If you want the easy route, try commercially-sold letter-shaped biscuits. IKEA has a version of these. Ask your toddler or preschooler to name the alphabet letter they’re about to eat. Eating it can be the reward for getting it right!

And of course, there is alphabet soup, or noodles shaped like letters. You can make mealtime fun, and educational, with these edible alphabet manipulatives.

So there you have it, 5 easy ways to teach the alphabet to preschoolers. They may even be fun for you, too! It is super cute to hear little ones pronounce letters, and guess what object goes with each letter. When your preschoolers are learning the alphabet, be sure to take every teachable opportunity you can to encourage them to recognize letters in the world around them. If you’re on a field trip, ask the children if they can spot their letter-of-the-week on a street or building sign. If you’re reading a book, see if they can spot the letters you’re reading to them. Keep pushing letter recognition throughout the day, so the lessons can really sink into their memory.

See more on our blog:

  • How to teach digraphs to preschool children (6 ways)
  • What is the best way to teach word recognition to early childhood readers?
  • Why is literacy crucial in the early years? How can parents and preschools help with reading skills?
  • How to teach toddlers and preschoolers to count, and learn their numbers
  • Ideas for teaching shapes in preschool and daycare

5 Ways to Teach the Alphabet

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Teaching the alphabet is foundational for reading and writing. Around the age of 2, children begin showing interest in learning alphabet letters. While some kids learn letters very quickly, others need more repetition and time to learn letters. Today I’m going to share with you some of my favorite ways to teach the alphabet to little ones.

Here’s what a preschooler should know before kindergarten:

  • Recite/sing the alphabet
  • Identify uppercase letters
  • Identify lowercase letters
  • Match uppercase letters to lowercase letters
  • Identify the sounds each letter makes
  • Traces letters
  • Write some alphabet letters

Here are my five favorite ways to teach the alphabet to children.

1. Read Alphabet Books

Read all sorts of alphabet books to your children, even starting as babies. The repetition will really help your child learn the alphabet at a young age. When my oldest was born, I was surprised at how many alphabet books we had been given as gifts. We loved reading all of them because they were different from each other. I found that around 18 months both my kids really started enjoyed reading alphabet books. Here are a few of our alphabet books:

Here are some of our favorite alphabet books.

The Three Bears ABCChicka Chicka Boom Boom (Board Book)Eating the AlphabetThe Farm Alphabet BookG is for GoatHarold’s ABC (Purple Crayon Book)I Stink! (Kate and Jim Mcmullan)Bad KittyThe Letters Are Lost!AlphaOops!: The Day Z Went FirstZ Is for Moose (Booklist Editor’s Choice. Books for Youth (Awards))Q Is for Duck: An Alphabet Guessing GameABC T-RexWork: An Occupational ABC

2. Sandpaper Letters

Using sandpaper letters is a great way to introduce letters to children. My favorite ones are Didax Sandpaper Tracing Letters or School Supply Tactile Letters Kit. This is a perfect pre-writing activity because children use their finger to trace the sandpaper letters.  I love that the cards tell the child where to start and which direction to go.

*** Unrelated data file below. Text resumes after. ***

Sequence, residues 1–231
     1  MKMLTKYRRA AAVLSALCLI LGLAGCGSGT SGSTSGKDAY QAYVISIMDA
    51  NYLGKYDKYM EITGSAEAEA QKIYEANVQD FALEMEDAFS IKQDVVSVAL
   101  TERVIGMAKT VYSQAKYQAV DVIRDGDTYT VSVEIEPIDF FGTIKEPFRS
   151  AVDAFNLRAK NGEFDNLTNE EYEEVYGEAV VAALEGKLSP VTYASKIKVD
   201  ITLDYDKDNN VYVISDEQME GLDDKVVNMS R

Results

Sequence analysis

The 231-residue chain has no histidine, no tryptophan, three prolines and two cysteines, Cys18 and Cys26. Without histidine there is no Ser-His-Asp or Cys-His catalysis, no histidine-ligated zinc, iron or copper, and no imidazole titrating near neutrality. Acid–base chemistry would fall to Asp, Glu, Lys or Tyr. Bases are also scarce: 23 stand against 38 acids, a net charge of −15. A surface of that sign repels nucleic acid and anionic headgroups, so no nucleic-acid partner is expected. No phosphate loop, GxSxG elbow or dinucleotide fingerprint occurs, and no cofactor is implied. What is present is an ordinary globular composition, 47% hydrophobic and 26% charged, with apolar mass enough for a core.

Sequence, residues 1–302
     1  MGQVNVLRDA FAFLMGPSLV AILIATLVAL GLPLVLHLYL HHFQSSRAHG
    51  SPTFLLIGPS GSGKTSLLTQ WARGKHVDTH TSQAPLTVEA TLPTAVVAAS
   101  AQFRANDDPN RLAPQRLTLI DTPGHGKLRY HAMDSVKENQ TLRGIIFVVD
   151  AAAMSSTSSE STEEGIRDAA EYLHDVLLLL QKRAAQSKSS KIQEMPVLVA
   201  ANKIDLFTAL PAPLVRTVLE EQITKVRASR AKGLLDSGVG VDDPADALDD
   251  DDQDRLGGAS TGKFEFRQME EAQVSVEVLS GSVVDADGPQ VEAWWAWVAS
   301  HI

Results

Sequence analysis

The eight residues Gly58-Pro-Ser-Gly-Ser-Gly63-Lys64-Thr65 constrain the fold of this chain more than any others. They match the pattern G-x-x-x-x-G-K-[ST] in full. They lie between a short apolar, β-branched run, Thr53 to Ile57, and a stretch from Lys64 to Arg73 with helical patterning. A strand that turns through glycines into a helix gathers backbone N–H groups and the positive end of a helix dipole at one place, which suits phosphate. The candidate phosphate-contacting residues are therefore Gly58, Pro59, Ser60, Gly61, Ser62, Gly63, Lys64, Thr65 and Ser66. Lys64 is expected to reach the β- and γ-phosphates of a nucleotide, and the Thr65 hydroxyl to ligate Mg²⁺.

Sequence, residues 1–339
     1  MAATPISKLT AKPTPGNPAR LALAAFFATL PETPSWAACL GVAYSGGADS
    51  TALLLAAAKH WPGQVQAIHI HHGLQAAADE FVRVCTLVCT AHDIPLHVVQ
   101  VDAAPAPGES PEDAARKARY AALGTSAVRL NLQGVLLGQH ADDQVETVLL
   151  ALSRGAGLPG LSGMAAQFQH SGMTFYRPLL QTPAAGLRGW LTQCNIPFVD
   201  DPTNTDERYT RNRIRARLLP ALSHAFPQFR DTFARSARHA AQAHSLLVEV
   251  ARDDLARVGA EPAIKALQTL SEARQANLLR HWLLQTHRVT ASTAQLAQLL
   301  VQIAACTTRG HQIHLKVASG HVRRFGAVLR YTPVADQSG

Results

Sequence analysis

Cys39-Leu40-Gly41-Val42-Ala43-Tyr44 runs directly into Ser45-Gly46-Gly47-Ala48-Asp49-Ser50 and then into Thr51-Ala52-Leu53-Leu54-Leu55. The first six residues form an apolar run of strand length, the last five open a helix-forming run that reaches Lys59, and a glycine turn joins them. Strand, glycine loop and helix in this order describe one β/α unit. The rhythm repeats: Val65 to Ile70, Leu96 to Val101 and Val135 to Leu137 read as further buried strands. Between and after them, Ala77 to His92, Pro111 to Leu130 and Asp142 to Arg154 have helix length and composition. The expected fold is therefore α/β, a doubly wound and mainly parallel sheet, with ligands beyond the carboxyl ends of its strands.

Sandpaper letters are part of the Montessori approach to learning how to read. These letters provide a tactile and visual way to help children learn the alphabet. In the Montessori method, you teach letters to a child in the 3-period lesson.

1st period is introducing the letter (“this is” period). Show your child the letters. Have them trace the sandpaper letters. The best way to teach children alphabet letters is by telling them their phonetic sound.  So each time they trace the letter, say the phonetic sound.

2nd period is association (“show me” stage).  Ask your child to follow simple directions with the letters. For example, please pick up the /m/ and set it by the window. Continue to do this with each letter several times to reinforce this. If it is too difficult, return to the first period.

3rd period is recall (“what is this?” period). Only go to this period when they’ve mastered the other two periods.  Put a letter in front of the child and say “Can you trace this and tell me what it is?” Continue with the other letters in the same way.

When you use these sandpaper letters, you are teaching them 3 things: the shape of letters, the feel of its shape and how its written, and how you pronounce its sound.

3. Alphabet Puzzles

I think teaching letters with alphabet puzzles are an amazing tool for teaching the alphabet. This is my favorite puzzle, from Melissa and Doug. It’s a beautiful wooden puzzle with neat pictures. This is a great way to practice vocabulary and verbal skills, too.

4. Sensory Activities

While some kids learn letters very quickly, others need more repetition and time to learn letters. I’ve always said that children learn best when they have many multisensory experiences with letters.

I love to incorporate sensory play into learning alphabet letters. When children have meaningful activities with repeated exposure, they start to pick up on letter names. One way is this alphabet ice excavation activity.

You could also make a sensory bin and do an uppercase and lowercase matching activity, like this one.

Or practice writing letters in the sand, like this sensory writing tray.